So he began to doubt.

A little at first, just the details and specifics of his ordeal. Then, as the counseling continued in earnest and his parents and what few friends he had left begged him to tell them the truth, his whole ordeal came into question.

One thing was for sure though. No matter what it was that had happened to him, he wasn't the same light hearted carefree person he was almost a year ago. Things had changed. He had changed. There was no going back to the way things were, his eyes had been opened and there was no closing them again.

"Welcome home Shu," his mom said as he walked through the front door into his house, "how was school today?"

"It was okay," he sulked, grabbing a drink from the cupboard and sitting down at the table.

"Anything interesting happen?"

"No," he suddenly lost interest in the drink and set it down untouched, "not really."

"Well," she tried to continue, but couldn't think of anything new to say. She tried to smile in his direction, but even that was too hard for her. Typical. Even his own mother thought him a monster now.


The sun set behind the smokestacks in the distance casting large shadows streaking across the ground. Shu picked up his backpack and looked on as the huge orange sun disappeared over the mountains, and laughed. He was home.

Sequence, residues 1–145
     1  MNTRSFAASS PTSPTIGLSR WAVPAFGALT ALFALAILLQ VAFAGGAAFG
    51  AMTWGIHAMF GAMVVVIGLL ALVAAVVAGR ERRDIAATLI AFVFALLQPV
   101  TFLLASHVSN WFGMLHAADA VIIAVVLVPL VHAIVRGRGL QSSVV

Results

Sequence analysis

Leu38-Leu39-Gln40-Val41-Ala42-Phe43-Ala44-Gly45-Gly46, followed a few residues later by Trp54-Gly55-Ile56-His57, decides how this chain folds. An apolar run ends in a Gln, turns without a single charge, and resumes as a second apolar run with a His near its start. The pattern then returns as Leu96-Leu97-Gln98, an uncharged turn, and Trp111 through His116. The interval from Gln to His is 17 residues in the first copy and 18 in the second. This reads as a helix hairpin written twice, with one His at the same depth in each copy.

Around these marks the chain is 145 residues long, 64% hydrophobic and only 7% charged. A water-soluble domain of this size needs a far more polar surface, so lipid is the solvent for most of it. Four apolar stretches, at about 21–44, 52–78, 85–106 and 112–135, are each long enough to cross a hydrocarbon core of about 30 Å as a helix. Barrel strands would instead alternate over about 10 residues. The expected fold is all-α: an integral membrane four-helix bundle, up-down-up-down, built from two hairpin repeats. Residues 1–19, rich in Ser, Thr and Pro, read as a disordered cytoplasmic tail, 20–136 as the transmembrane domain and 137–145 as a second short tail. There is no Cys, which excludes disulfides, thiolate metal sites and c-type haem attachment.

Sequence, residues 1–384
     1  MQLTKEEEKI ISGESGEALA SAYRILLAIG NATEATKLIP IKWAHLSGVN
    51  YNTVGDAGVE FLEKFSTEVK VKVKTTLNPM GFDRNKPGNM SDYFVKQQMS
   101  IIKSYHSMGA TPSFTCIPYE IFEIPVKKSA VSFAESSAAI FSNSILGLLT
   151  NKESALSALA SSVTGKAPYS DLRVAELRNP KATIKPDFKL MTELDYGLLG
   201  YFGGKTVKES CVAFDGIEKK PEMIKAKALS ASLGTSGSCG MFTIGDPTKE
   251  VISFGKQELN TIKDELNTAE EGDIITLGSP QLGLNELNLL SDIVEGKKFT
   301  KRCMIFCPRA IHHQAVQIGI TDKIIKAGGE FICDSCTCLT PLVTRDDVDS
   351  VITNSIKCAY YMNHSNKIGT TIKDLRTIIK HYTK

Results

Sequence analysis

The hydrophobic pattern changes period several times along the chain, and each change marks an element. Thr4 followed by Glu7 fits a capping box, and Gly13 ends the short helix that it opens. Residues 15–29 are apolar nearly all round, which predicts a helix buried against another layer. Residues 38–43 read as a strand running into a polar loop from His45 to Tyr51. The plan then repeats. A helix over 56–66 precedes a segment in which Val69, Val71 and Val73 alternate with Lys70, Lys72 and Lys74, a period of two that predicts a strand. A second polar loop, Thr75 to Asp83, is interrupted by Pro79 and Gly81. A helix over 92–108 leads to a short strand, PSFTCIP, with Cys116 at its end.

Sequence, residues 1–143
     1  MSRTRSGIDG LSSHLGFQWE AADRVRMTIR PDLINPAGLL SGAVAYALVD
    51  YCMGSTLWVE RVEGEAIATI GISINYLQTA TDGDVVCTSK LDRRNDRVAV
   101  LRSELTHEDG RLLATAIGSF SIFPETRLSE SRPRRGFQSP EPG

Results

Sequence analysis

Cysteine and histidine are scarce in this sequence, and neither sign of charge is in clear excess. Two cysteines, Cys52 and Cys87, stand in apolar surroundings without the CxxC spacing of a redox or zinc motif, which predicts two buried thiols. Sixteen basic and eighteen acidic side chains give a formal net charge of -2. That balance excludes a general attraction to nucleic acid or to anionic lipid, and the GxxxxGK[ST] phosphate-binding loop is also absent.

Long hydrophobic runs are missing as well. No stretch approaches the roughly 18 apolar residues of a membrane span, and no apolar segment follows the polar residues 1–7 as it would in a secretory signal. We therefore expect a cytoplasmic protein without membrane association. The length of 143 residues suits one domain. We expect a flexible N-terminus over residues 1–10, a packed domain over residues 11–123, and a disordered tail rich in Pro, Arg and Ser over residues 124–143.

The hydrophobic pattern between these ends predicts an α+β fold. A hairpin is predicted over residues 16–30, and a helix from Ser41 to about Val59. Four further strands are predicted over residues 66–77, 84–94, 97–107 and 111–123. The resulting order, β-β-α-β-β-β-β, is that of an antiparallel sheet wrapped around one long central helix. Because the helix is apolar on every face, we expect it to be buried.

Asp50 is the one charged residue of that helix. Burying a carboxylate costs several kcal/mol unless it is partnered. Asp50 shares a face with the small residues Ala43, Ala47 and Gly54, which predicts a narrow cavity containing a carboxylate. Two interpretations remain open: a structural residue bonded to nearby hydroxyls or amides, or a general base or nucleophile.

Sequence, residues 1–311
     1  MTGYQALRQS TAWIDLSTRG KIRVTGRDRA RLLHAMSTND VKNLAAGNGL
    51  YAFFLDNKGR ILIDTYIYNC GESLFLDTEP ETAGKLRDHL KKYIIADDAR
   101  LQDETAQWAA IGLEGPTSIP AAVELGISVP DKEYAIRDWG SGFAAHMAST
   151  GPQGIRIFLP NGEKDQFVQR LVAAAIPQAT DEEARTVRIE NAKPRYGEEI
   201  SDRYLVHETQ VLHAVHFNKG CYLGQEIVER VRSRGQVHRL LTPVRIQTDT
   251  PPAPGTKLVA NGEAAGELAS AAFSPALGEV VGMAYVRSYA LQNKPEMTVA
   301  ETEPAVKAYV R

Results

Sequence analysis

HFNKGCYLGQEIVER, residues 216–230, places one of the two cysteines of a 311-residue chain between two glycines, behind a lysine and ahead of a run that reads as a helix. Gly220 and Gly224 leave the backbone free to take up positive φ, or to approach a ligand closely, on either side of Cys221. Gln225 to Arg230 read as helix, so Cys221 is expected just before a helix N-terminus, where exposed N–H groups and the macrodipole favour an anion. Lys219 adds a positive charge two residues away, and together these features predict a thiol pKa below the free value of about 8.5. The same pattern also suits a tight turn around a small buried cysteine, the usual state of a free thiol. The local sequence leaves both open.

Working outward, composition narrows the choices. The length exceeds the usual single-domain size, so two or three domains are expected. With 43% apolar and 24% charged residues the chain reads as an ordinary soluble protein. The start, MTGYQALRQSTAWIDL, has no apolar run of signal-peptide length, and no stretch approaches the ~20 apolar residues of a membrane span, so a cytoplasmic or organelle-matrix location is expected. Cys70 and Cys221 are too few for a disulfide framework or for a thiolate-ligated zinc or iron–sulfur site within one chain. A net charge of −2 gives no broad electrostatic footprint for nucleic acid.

"Home," he said to no one, basking in sights and smells of the city, "YAHOO!!!"

He took off running. Through alleys he once knew well, past well lit buildings housing families sitting down for dinner, over the bridge that spanned the Haku River, towards his home. Towards his family.

"Mom!" he cried, turning the corner that would take him to his home, "
hey mom, dad, I'm home!"

"Shu?" his next door neighbor said as he passed her on the street.

"Mom, dad, I'm home!" he cried bursting through the front door. Around their kitchen table his mother, father, and little sister, Lavi, sat eating dinner. A picture of him in his Kendo gear, smiling goofily at the camera, stood in the middle of the table.


"It's Shu!" Lavi sprang to her feet and rushed him, "I knew you weren't dead, didn't I mom? I told you! I told you Shu couldn't die!"

"Oh my God, Shu, your home!" his mother stood slowly and walked to her son, unbelieving. She touched his face, felt the scares on his cheeks, smelled the death lingering still on his clothing.

"Son, where were you? We thought you were dead," father came and wrapped his arms around his son.

"It was weird, there was this mean lady, Abelia, and she came with these big machines and kidnapped me. She took me to her world. It was awful. They did terrible things there, but everything's okay now, I stopped them…"

"Whow, stop Shu, your rambling."

"You're not real," his mother said suddenly, backing away from him and clasping her hands to her chest, "you're not my son, you can't be. You can't be."